November 11, 2010

Threatened backcharges mount for governor-elect

This is quite the spectacle:
If Talgo leaves, Milwaukee mayor Tom Barrett and his chief of staff Pat Curley have said, the city could consider legal action against the State to recover the millions of dollars it invested in renovating the Tower Automotive plant for the company.
I don't know how far they'd get with that. It was reported months ago that Talgo's commitment to the Milwaukee location extended only through 2012, when it was projected manufacturing would be complete on the Amtrak Hiawatha and Oregon DOT train sets.

I suppose the wisdom of the expense of helping Talgo set up operations in Milwaukee depends on your (political) perspective, but I'd question whether the State would be on the hook for those costs just because Talgo didn't secure more orders from the State.

The high speed line between Milwaukee and Madison was a nice plum dangled in front of Talgo but it was more of a hope than an intent.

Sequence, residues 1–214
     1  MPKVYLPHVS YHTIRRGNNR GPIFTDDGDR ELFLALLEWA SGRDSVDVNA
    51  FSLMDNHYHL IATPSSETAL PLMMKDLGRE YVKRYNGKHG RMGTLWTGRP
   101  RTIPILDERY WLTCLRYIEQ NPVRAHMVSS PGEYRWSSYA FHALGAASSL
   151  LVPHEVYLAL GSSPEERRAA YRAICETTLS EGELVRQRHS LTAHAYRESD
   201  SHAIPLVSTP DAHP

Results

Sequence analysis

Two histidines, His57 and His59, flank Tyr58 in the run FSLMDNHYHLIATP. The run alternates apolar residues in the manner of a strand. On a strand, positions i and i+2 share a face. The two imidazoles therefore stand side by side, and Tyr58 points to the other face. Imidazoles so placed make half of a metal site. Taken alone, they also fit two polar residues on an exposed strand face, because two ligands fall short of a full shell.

Meanwhile the Journal-Sentinel's resident Walker-fluffer Patrick McIlheran argues that constructing a train between Milwaukee and Madison will eradicate the existing bus service, a prophecy substantially disconnected from the fact there are eight daily trains and more than 30 daily buses between Milwaukee and Chicago.

Also, gay Nazis.


gnarlytrombone said...

So the McIllDink yells that it won't work 'cause it ain't commuter rail, and the ShepherdSnark snides that it won't work because it's commuter rail.

I think I've finally got this politics thing figured out. It works exactly like a hip-hop beef. It ain't what you say; it's how you say it. So what the hell. Barrett may as well freestyle.

illusory tenant said...

And the third member of the local conservative intellectual triumvirate complains the train isn't as fast as the ones in France or China.

Display Name said...

Which Constitutional amendment prohibits government support for any form of travel that isn't the fastest?